Fire In The Garden
Fire in the Garden is actually really common and amazing. Fire both creates and destroys a garden and it always leads to new growth. In nature fire is how nature resets the biome, and the same is true in an urban garden.
The benefit of a flamethrower in a garden is three-fold:
- It destroys weeds, and it kills weed roots with residual heat after the flame
- It creates pockets of carbon and air in the soil that attracts microbes and worms back up into the soil
- It’s a really good tool to eradicate pernicious weeds from the garden quickly
Of course like all good things it can be over-used. There are some real dangers to using flame in a garden irresponsibly. Especially in an urban setting, but this is true everywhere.
This blog post is a Facebook request. I promise you, I am not obsessed with fire. I just like effective ways of dealing with weeds and helping people.
It is a simple thing to burn away grass, weeds, and their roots with flame, but there is a downside: Wood and Structures. All of my gardens are hybrid raised beds and they are made of wood as are the gates and fences around the gardens.
These burn easily and limit my ability to use flame to manage the pesky border weeds and grasses that can easily be controlled by fire. My solution? I am saving up a fund to have the entire fence and gate structures around my gardens replaced with metal wrought iron fencing.
The metal fencing will work in three ways for me: I can keep critters out of the garden, It is more durable and easier to install and maintain than wood fencing, I can use open flame around it with little impact. So while I am a strong advocate for using flame to control weeds, There are precautions one must plan for up front.
A Note on Propane FlameThrowers
I love the Greenwood Propane Torch from Harbor Freight. It is inexpensive and durable. Although I discourage you from purchasing the kit with an automatic lighter as it always fails.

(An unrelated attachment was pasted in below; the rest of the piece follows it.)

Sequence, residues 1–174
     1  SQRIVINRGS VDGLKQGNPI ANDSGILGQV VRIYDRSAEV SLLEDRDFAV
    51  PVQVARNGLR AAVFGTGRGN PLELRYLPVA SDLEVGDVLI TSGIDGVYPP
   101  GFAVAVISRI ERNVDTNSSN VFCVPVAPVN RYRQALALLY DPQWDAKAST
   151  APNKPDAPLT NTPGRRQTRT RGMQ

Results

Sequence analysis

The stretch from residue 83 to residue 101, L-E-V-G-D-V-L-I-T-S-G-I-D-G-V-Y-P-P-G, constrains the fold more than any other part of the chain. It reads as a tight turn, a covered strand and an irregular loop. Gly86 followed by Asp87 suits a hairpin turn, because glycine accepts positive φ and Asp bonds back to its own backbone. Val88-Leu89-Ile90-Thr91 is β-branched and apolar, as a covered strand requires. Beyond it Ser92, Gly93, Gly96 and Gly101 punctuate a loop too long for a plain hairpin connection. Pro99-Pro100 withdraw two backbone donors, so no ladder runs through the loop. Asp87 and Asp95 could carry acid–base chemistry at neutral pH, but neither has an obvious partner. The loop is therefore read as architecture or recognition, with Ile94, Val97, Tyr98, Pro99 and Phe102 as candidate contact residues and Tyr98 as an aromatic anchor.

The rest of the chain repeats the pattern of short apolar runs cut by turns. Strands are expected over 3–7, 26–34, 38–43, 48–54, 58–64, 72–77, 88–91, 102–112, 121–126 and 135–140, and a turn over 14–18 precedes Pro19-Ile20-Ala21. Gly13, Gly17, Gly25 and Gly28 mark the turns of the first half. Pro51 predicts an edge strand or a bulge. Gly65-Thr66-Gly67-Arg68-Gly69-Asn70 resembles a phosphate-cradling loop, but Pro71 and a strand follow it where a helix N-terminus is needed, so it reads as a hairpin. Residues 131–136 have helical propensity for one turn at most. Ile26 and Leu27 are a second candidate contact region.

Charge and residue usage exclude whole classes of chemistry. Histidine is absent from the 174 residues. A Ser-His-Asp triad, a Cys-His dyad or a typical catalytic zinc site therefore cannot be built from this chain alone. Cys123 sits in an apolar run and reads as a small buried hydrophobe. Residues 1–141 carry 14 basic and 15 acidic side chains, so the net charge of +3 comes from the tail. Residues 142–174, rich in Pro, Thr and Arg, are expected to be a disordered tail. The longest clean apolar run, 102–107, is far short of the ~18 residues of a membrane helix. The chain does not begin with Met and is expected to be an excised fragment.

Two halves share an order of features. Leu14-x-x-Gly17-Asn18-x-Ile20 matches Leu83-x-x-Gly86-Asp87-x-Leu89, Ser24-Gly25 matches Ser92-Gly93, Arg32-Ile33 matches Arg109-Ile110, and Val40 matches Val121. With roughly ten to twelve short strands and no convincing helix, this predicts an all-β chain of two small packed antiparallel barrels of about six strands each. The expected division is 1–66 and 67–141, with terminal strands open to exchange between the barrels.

Using this propane torch is pretty easy as well. A few precautions and tips, especially if it is your first time using a tool like this. These are lessons I learned over time.
- Always wear boots (steel toe, not rubber)
- Always wear jeans 0r durable pants
- Keep the propane tank portable (I try to use a wagon so I can move it around easier
- Do NOT set the tank on soil you just burned, charred ground is hotter than you think
- When burning keep the wand a few inches above the ground, as the flame will quickly consume O2 and sputter out
- Resist the urge to burn tall weeds at their tops, fire loves to jump
- Cut down as many of the weeds as possible and try to burn at them at their base
- When stalks glow red, move on, that heat is in the roots too
- Make sure you are burning in a well-ventilated area
- If you are using a flamethrower to sterilize an interior (like a chicken coop to destroy mites) wear a ventilator
- Control the length of flame with the knob regulator and propane flow
- More flame is not the same as more heat, if you can see heat rippling in the air it is hot enough
- Wait an hour or two to burn again; The heat takes time to have complete effect.
And that is this post! I hope this helps. I will write another when I have upgraded by fencing to metal.